________________ CM . . . . Volume XVIII Number 25. . . .March 2, 2012

cover

Kaugjagjuk.

Marion Lewis. Illustrated by Kim Smith.
Iqaluit, NU: Inhabit Media, 2011.
36 pp., hardcover, $13.95.
ISBN 978-1-926569-39-0.

Subject Headings:
Inuit-Juvenile fiction.
Inuit-Folklore.

Grades 4-7 / Ages 9-12.

Review by Janice Foster.

**** /4

   

excerpt:

As promised, the Man in the Moon called three great bears to the village. Although Kaugjagjuk was now a great man, the villages, ignorant and unfeeling as they were, still did not see that the small boy they had spent so many years abusing was now transformed. In their haste, they called out for Kaugjagjuk to be sacrificed to the three bears, whose teeth were as sharp and long as harpoons. There was panic in the village.

 

Inuit author Marion Lewis provides young readers with an adapted retelling of a traditional Inuit tale. Her account of this ancient story of Kaugjagjuk differs from other versions. As a storyteller, Lewis focuses on Kaugjagjuk, who, as Lewis states in her "Author's Note," "chooses mercy and forgiveness over cruelty and vindictiveness" rather than revenge through violence as is depicted in most other interpretations of this story. This approach illustrates the role of the storyteller and how traditional tales lend themselves to a variety of interpretations.

internal art     As young children, Kaugjagjuk and his sister are separated from their parents when an ice floe breaks and they drift to a distant shore. Kaugjagjuk's mother calls to him to listen to the Man in the Moon, Taqqiq, who will watch over him. Once ashore, Kaugjagjuk spends the seasons looking for food for himself and his sister. When she wanders off and becomes lost, he comes across a village where he hopes to find help. Instead, the villagers are heartless. He is ignored, forced to sleep with the dogs, and given repugnant chores. As Kaugjagjuk grows up, he asks Taqqiq for help, and slowly a friendship evolves. Taqqiq presents Kaugjagjuk with painful challenges that he endures, and he emerges as a large, strong man. The Man in the Moon then sends three large bears into the village as a final trial. The villagers do not recognize the large man as the orphan Kaugjagjuk, but rather call out to have Kaugjagjuk sacrificed to the bears. In spite of the villagers' cruelty, Kaugjagjuk saves the villagers and kills the bears. He then leaves with his only friends, his dogs. The selfish, cruel villagers never recover from their loss, and their abusive, callous treatment of Kaugjagjuk haunts them.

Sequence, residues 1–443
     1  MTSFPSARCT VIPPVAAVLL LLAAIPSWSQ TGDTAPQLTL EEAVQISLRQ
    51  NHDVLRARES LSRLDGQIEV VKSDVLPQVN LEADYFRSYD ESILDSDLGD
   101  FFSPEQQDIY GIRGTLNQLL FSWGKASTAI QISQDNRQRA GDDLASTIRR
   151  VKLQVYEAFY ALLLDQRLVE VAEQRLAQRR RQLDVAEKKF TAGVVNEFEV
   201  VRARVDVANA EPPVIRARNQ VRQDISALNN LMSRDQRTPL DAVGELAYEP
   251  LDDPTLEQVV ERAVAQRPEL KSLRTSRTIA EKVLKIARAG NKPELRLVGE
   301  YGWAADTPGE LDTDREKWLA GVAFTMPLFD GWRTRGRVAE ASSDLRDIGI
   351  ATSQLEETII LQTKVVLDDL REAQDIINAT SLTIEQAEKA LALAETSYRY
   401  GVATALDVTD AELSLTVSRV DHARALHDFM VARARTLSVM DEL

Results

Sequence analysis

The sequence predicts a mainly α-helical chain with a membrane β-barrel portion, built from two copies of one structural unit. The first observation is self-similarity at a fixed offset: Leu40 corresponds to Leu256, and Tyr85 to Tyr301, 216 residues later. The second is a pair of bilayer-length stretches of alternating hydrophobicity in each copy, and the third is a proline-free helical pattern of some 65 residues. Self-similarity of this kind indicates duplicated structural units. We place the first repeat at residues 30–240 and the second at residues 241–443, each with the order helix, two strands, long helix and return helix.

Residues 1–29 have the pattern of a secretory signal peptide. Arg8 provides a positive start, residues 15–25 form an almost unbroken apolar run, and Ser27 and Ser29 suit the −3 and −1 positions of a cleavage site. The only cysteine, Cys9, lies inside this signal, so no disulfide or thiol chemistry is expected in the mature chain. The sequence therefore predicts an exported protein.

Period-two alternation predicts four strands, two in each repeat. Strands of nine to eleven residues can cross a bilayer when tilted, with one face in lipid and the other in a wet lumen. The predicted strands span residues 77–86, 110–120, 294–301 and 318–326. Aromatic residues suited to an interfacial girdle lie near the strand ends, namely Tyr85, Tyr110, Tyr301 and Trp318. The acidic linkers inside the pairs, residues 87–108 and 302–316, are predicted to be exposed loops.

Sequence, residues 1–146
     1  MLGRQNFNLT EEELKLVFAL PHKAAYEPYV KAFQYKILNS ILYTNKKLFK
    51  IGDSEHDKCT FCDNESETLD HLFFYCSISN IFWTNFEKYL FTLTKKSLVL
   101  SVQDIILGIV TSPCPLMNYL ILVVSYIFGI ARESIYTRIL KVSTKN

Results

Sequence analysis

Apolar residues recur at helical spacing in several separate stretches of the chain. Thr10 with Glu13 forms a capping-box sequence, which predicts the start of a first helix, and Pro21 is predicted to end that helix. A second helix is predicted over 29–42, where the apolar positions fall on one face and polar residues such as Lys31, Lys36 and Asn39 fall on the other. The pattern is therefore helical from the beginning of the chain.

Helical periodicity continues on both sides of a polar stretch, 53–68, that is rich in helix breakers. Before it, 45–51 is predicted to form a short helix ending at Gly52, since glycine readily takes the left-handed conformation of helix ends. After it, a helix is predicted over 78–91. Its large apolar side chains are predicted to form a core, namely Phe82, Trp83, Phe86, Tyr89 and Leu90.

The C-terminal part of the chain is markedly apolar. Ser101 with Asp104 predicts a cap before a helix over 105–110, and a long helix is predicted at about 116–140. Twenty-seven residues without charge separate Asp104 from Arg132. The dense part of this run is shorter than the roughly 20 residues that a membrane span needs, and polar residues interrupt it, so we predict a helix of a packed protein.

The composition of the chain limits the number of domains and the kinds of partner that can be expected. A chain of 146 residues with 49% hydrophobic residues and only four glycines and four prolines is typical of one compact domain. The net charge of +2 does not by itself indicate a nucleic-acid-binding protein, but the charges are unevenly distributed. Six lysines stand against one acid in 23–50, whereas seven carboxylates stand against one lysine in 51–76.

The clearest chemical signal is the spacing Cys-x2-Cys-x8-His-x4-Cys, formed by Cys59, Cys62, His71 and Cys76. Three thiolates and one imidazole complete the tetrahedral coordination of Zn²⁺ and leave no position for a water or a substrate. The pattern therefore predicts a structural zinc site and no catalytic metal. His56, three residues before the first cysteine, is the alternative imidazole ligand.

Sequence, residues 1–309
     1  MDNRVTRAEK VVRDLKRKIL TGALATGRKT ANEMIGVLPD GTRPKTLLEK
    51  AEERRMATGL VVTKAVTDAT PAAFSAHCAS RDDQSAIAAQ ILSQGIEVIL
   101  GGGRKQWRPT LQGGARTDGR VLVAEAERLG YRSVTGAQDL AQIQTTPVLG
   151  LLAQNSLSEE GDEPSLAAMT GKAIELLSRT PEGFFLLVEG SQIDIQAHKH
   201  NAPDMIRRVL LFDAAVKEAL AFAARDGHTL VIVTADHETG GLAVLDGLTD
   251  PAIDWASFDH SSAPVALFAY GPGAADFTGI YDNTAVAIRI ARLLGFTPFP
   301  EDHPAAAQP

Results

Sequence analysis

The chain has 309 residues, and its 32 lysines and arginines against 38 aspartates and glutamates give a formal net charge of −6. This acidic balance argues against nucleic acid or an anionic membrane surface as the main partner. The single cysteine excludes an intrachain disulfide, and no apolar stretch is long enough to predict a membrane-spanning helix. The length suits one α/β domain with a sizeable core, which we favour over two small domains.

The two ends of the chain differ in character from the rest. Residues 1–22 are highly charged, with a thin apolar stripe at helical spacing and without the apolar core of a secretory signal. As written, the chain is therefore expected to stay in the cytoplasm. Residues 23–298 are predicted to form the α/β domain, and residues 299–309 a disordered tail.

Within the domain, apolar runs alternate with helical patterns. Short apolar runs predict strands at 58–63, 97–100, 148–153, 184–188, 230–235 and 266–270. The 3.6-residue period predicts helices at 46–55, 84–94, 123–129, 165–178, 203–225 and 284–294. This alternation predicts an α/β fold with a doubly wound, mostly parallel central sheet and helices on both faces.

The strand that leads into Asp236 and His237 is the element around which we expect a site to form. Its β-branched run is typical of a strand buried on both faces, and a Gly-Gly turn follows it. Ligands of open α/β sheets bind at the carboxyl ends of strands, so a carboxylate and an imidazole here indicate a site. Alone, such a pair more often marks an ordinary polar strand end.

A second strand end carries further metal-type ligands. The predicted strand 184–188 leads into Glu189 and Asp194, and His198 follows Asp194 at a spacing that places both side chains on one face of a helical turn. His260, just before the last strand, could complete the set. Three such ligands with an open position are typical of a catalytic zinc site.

Young readers will find Marion Lewis' narrative of the legend of Kaugjagjuk captivating. The descriptive text, in an easy to read format, clearly presents the hardships of the mistreated orphan and shows his perseverance and strength of character. The colourful, full-page illustrations by Kim Smith capture the beauty of the Arctic and convey the emotional and difficult journey Kaugjagjuk endures growing up. The foreword by the late Mark Kalluak of Nunuvat, a gifted teacher, the recipient of the Order of Canada and a master storyteller, together with the "Author's Notes" at the end of the book help to frame Kaugjagjuk as an excellent example of cultural story telling and the lessons that emerge from the power of a story.

Highly Recommended.

Janice Foster is a retired teacher and teacher-librarian in Winnipeg, MB.

To comment on this title or this review, send mail to cm@umanitoba.ca.

Copyright the Manitoba Library Association. Reproduction for personal use is permitted only if this copyright notice is maintained. Any other reproduction is prohibited without permission.
Published by
The Manitoba Library Association
ISSN 1201-9364
Hosted by the University of Manitoba.
 

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